Pandemic Isolation Hurting Teens: What Parents Need to Know

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Isolation during the pandemic has left teenagers feeling frustrated and worried about the future, as parents struggle to find help.

Arrion Shelton works two jobs as a registered emergency room nurse and a nurse practitioner. She has seen the pandemic’s impact both at work and at home.

“There is a rise in cases of suicidal ideations in children. a lot of depression. My daughter went through a bout of just being just emotional, crying,” Shelton said.

Worried about her 16-year-old daughter Tomia, Shelton started trying in August to find a therapist for her daughter to talk to, despite the stigma.

“That is something that I've seen quite often in African American communities. You don't reach out for help, and I didn't want to make that same mistake,” Shelton said, but she acknowledges the process was frustrating. It’s definitely hard. Months, months to get in just to just to talk to someone.”

Shelton asked extended family to check in on Tomia and sought help from her counselors at Alan B. Shepard High School in Palos Heights.

Now six months later, Tomia says she’s feeling better.

“Yes, I do. Honestly I’m thankful for those supporting me and everything, helping me through struggles I have,” Tomia said.

Experts say children have been showing signs of distress and anxiety amid the coronavirus pandemic as more families are seek guidance. NBC 5's Lauren Petty reports.

This is a scenario playing out in many households during this pandemic, says Dr. Gabrielle Roberts, a pediatric psychologist at Advocate Children’s Hospital.

“We're asking a lot of our children, asking a lot of parents.  And I think parents are seeing the stress, and the loneliness and the sadness in their kids,” Dr. Roberts said.

With many teens learning remotely, their eyes remain locked on screens for both education and socialization.

“We knew that this was going to be a problem. But I'll tell you as a professional, I still have a hard time advising parents to pull their children away from what might be their only socialization, but, you know, you just have to try to balance it out,” Dr. Roberts said.

NBC Chicago talked to several teens about what they’re experiencing, including Nathan Kozak, a high school freshman.

When her 16-year-old daughter would not get out of bed for several days, a suburban Chicago mother knew she needed help and started calling therapists. NBC 5’s Lauren Petty has more details in the latest installment of our Kids & Mental Health series.

“Parents, like, they can try to be like a bit more understanding towards kids, because it's this whole new situation that just got thrown on us and we weren't exactly expecting it,” Kozak said.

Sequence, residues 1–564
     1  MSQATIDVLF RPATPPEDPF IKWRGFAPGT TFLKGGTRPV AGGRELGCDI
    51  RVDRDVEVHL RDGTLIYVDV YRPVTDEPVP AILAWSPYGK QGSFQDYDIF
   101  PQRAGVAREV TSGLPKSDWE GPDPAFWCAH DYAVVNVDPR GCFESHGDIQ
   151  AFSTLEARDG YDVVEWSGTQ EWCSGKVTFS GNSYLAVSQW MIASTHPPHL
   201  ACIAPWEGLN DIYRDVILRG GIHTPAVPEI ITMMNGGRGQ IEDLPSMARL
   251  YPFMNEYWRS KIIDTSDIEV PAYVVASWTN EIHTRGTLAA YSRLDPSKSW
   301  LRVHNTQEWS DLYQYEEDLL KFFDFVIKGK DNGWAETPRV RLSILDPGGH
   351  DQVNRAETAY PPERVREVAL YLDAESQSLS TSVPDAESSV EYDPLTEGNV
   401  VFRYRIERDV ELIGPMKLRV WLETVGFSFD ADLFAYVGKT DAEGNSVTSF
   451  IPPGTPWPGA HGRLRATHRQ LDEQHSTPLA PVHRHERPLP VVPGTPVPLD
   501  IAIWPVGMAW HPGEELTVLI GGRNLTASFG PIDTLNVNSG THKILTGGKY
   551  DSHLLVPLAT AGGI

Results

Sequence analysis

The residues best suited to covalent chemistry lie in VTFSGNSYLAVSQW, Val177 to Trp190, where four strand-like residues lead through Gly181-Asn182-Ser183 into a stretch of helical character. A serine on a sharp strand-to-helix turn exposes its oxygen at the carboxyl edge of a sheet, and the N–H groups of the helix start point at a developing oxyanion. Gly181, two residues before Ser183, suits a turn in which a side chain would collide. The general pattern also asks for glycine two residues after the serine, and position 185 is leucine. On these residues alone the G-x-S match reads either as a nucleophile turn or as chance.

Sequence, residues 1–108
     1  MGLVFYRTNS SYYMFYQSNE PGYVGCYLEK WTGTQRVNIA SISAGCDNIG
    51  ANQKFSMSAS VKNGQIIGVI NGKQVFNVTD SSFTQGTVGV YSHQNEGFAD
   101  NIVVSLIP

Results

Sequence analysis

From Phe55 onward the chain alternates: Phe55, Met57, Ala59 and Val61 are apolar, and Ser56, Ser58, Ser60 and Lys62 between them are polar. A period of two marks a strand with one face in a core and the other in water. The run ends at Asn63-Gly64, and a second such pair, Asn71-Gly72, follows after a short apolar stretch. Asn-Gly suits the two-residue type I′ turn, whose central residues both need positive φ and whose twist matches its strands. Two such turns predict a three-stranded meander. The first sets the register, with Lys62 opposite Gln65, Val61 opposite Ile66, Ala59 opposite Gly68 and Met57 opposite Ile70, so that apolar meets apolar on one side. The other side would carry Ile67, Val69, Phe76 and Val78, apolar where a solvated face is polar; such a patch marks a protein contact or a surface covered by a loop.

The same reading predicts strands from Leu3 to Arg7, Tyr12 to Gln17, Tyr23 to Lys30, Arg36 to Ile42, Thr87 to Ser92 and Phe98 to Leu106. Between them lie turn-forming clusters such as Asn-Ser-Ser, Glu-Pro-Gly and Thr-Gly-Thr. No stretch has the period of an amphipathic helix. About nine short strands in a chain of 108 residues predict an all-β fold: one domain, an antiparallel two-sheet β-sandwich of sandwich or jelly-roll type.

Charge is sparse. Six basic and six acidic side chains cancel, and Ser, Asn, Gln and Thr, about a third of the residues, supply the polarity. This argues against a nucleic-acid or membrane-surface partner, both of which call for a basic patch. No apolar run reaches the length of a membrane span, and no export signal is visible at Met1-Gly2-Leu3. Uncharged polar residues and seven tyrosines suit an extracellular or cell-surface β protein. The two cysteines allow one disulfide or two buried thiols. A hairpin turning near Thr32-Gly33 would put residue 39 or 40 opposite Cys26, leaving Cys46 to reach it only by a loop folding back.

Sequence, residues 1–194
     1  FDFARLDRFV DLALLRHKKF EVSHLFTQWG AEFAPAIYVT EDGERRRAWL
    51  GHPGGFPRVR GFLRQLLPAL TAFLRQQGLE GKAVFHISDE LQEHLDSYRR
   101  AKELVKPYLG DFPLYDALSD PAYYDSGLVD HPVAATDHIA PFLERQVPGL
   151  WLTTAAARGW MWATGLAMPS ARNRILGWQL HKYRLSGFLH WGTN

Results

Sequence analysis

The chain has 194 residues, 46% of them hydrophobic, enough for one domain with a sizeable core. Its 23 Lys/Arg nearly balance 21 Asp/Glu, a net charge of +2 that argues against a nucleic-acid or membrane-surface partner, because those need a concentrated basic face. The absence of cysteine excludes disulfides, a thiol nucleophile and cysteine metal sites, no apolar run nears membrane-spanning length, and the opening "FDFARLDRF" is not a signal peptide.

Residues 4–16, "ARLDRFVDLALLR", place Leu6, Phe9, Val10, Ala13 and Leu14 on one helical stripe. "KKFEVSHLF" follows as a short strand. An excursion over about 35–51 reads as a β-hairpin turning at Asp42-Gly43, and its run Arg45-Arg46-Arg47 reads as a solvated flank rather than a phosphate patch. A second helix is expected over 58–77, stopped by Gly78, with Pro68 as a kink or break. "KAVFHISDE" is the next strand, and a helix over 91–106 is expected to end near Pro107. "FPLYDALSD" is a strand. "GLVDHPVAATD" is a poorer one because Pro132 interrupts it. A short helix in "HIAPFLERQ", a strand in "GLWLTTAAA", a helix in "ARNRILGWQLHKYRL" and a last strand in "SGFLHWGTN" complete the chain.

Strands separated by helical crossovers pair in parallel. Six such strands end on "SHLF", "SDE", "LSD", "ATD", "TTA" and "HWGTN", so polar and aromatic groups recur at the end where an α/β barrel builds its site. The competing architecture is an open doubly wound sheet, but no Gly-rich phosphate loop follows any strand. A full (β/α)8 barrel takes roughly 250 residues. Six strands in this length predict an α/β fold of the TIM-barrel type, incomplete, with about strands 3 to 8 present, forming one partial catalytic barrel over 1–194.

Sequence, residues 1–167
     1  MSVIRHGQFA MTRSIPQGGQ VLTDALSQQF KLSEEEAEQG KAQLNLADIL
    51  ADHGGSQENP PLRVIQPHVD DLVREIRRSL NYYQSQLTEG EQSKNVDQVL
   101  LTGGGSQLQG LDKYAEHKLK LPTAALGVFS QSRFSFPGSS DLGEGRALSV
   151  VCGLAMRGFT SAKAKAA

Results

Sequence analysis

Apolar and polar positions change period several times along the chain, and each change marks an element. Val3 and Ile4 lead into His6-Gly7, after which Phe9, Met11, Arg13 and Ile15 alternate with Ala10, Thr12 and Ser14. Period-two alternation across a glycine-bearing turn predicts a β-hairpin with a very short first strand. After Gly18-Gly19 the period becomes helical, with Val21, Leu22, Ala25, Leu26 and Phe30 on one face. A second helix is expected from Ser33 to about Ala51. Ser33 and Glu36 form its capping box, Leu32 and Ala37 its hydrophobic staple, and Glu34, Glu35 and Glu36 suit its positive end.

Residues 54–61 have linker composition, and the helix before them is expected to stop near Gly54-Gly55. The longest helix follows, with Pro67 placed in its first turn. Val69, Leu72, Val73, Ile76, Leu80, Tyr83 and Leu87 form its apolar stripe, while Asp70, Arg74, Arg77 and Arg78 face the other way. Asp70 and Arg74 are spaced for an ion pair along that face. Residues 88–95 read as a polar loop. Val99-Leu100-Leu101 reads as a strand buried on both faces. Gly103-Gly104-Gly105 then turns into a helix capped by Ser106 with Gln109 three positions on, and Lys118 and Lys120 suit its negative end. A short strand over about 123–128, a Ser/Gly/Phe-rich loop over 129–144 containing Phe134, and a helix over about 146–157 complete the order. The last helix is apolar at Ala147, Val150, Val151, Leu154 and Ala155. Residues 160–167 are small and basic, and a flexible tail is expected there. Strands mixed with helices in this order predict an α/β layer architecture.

A high school freshman from Waukegan, Pili Rocha says pandemic life is full of ups and downs.

“I'll be full of energy but then sometimes I'll just drop straight to the floor and lose a lot of motivation,” Rocha said.

High school senior Cam’ron Hardy and his mom, Delvonna Hampton, worry about the milestones to come.

“I was really looking forward to prom, you know, getting dressed up and seeing everyone else looking nice,” Hardy said.

“The next step which is college, I am definitely concerned about that. Everything is online. Everything is virtual and not being able to have that that real-life experience,” Hampton, said.

It’s a stress many parents are faced with, Dr. Roberts says.

“We're fixers. We want to fix things,” she said. “It’s really hard for us to hear our children say that things aren't going well, but it's also really important that we validate how they're feeling and let them know that that those feelings are okay, but help them to problem solve and find ways to make life better within the bounds of the confines of our current life.”

A suburban Chicago mother is speaking out, sharing the story of her teenage daughter’s battle with depression, which nearly led to the loss of the teen's life, to help others, especially during the coronavirus pandemic. NBC 5's Lauren Petty reports.

When it comes to seeking help, Dr. Roberts lists signs parents should look out for, including changes in mood, changes in behavior, withdrawing more from family, spending more time in his or her room, and pulling away from friends.

Even if your child’s behavior hasn’t changed, you can still reach out.

“I say check in with your children anyway. Even if they seem okay, because you don't always know, just check in,” Dr. Roberts said.

The teens we talked to say those check-ins are important.

“For parents, I think it'd be nice to check in on students and their children to see how they're doing, because you never know how things are going if they ever talk about it, or if no one ever asked,” Cam’ron Hardy said.

“Just make sure to check in with everybody just because I know a lot of people are struggling. I'm struggling sometimes. And it's just good to let someone know that you’re there,” Pili Rocha said.

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